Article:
What is lanugo?
Lanugo is the fine hair that covers the body of some newborns. This thin, soft body hair is the first type of hair that grows from the hair follicles. It can be found everywhere on a baby’s body, except body parts that do not have hair follicles such as the palms, lips, and soles of the feet.
Most fetuses develop lanugo around the fourth or fifth month of pregnancy and it has many important purposes for babies in the womb. However, the hair is usually not present by the time of birth. It often sheds around the seventh or eighth month of pregnancy, although it can linger and shed weeks after birth. Lanugo at birth is more common in premature babies.
Lanugo has many purposes
Protects the skin: In the womb, a thick, white substance called vernix caseosa coats your baby and provides a protective barrier from the effects of the amniotic fluid. Vernix sticks to the lungo to help it stay in place on the skin, otherwise, it would slip right off.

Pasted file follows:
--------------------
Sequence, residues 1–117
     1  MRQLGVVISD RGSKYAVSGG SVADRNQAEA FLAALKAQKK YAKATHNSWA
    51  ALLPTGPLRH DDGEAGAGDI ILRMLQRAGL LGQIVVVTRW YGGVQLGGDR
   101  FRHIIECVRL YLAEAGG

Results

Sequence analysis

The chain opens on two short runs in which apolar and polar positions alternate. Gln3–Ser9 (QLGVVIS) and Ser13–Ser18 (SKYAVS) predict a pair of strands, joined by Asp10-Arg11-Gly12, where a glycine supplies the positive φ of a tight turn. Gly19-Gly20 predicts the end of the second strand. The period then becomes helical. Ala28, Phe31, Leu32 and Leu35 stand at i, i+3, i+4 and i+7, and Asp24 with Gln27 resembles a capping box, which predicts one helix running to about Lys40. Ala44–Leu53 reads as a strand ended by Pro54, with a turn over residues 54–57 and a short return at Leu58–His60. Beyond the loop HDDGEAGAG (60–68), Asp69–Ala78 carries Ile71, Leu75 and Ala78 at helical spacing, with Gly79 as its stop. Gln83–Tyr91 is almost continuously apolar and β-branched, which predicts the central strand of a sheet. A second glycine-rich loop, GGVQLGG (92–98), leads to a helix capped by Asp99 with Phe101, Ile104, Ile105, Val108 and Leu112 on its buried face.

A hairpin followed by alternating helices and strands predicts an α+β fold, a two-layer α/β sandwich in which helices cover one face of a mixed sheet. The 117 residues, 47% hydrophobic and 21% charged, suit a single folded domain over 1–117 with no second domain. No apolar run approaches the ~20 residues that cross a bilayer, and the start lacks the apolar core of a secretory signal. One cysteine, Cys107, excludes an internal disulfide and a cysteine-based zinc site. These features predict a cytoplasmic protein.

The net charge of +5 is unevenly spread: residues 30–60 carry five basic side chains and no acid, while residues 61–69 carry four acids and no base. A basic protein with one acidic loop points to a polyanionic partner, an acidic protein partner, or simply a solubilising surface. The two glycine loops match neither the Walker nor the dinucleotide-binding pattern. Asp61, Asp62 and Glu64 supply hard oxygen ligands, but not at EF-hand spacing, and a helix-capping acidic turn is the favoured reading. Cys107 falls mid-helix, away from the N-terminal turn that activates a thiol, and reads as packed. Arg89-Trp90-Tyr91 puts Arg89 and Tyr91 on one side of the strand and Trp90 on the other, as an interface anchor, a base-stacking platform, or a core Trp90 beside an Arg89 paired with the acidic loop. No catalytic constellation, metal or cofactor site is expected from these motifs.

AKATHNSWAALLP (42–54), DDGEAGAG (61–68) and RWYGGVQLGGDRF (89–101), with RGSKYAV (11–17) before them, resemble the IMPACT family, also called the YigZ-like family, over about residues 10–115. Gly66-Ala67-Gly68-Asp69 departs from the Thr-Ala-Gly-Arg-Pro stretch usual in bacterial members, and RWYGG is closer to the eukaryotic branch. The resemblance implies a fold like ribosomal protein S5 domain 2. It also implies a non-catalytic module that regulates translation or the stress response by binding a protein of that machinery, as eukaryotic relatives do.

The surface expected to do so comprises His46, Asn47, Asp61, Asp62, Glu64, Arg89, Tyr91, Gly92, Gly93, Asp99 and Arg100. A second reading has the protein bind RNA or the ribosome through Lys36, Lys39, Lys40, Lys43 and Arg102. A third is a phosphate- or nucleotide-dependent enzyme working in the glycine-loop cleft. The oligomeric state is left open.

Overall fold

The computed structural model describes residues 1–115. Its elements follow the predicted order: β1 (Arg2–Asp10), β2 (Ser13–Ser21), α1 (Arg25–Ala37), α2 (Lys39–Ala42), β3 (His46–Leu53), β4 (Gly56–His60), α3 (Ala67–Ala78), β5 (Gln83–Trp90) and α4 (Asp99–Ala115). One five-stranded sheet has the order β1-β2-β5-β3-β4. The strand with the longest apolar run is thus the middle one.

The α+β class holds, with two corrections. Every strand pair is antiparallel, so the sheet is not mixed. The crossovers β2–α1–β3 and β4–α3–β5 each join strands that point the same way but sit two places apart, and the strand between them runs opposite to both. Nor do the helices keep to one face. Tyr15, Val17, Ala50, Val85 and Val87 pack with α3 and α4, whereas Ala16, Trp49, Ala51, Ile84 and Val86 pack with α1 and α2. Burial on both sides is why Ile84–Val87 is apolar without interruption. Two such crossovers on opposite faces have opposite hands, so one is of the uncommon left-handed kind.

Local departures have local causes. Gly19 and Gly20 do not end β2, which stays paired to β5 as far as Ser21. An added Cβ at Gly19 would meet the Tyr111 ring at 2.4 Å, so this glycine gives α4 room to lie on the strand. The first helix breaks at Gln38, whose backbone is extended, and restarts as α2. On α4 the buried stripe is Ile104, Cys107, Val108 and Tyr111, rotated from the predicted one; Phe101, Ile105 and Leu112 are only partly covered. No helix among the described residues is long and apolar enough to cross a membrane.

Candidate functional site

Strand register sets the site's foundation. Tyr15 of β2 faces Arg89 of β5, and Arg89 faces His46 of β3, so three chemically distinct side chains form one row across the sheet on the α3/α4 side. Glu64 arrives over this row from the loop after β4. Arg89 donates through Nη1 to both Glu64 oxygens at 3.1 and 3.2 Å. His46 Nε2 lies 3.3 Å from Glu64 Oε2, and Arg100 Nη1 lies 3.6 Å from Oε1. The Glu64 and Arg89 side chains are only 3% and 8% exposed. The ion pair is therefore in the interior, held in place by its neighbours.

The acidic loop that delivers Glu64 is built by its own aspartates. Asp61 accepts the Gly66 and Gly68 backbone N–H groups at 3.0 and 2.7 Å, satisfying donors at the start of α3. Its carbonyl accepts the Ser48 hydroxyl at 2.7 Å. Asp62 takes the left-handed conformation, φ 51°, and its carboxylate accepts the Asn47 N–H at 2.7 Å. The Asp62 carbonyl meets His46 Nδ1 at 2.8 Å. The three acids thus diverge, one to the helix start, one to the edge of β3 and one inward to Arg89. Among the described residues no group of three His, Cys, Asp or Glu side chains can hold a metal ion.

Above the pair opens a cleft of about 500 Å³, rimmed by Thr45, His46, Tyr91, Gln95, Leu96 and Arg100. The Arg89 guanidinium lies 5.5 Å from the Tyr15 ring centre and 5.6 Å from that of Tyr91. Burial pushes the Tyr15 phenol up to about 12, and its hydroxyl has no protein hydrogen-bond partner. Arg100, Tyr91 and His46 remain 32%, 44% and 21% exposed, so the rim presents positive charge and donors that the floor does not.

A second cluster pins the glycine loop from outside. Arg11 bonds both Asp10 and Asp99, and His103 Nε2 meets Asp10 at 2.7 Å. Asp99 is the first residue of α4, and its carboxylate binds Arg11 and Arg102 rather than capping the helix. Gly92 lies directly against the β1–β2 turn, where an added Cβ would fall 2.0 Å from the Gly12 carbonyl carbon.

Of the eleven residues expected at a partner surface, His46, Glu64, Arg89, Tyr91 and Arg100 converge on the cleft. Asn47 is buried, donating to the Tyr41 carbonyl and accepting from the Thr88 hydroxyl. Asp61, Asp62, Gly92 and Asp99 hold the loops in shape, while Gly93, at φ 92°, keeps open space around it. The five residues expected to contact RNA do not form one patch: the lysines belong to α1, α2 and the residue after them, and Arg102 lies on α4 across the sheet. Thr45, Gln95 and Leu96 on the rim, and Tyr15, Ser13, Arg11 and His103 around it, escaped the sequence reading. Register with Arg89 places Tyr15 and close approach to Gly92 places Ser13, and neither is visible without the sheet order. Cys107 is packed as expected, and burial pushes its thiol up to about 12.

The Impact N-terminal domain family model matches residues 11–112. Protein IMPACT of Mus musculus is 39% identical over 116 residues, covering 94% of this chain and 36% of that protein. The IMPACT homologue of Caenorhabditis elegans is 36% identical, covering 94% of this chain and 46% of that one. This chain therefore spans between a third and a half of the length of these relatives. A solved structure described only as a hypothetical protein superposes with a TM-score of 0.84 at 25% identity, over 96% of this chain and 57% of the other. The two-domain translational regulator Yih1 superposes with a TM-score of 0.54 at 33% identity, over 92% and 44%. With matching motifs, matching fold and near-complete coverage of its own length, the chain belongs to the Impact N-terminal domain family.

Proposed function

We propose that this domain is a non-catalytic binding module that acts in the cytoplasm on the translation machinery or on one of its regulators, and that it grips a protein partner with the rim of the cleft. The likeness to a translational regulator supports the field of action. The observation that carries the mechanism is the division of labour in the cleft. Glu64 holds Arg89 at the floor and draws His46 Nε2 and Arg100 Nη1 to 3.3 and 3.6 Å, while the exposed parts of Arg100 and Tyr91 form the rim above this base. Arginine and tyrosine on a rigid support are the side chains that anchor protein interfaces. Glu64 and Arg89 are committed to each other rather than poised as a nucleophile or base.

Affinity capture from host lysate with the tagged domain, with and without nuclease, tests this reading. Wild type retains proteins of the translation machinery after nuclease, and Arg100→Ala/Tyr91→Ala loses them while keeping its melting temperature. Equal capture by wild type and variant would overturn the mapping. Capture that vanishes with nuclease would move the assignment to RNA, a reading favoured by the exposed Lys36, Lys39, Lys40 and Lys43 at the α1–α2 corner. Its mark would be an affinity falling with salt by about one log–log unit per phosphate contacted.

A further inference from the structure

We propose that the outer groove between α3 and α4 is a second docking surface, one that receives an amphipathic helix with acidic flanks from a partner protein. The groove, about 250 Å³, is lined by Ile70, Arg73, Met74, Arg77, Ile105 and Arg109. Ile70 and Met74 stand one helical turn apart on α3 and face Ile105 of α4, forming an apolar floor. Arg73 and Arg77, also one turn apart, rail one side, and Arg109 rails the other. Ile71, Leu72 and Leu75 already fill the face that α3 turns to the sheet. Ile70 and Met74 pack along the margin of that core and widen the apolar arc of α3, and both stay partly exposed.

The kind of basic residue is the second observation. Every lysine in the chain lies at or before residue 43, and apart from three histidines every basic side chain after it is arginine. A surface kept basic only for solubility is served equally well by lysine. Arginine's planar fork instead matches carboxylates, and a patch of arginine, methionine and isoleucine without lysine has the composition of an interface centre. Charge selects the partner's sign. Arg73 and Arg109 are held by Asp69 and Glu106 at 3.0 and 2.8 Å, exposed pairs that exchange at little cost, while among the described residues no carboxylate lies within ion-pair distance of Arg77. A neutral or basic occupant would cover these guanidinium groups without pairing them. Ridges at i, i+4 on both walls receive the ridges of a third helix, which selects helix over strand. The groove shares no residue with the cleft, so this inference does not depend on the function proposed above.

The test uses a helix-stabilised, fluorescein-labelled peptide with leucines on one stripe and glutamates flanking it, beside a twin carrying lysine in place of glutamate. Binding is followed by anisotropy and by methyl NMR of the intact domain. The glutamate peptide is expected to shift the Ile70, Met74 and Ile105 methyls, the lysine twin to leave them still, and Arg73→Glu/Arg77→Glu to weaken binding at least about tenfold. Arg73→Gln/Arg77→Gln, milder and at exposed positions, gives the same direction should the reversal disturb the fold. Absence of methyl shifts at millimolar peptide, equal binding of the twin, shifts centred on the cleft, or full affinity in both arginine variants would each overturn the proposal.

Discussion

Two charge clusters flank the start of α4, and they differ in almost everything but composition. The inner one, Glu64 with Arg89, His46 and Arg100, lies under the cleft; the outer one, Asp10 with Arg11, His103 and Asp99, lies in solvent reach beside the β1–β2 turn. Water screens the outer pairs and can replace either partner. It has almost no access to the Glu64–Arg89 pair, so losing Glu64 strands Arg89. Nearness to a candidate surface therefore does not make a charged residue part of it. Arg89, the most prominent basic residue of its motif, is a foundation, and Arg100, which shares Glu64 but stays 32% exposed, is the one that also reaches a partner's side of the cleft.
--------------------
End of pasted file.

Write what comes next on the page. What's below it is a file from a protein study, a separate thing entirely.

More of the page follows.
Stimulates growth and development: Some studies suggest that the movement of lanugo on your baby’s skin might play a role in the release of hormones that reduce stress and stimulate their growth inside the womb.
Regulates baby’s temperature: During pregnancy, your baby is surrounded by amniotic fluid and lanugo helps regulate the temperature.
Why are babies born with lanugo?
If your baby is born with lanugo, do not worry! While lungo is very common in preterm babies, full-term babies are often born with it too. Lanugo usually sheds during the first weeks of birth. This does not mean that your baby will keep the hair throughout their childhood. Once lanugo sheds a new hair will grow instead called vellus hair (it’s a lot thinner and less noticeable). This hair will be on your child throughout their childhood, until puberty.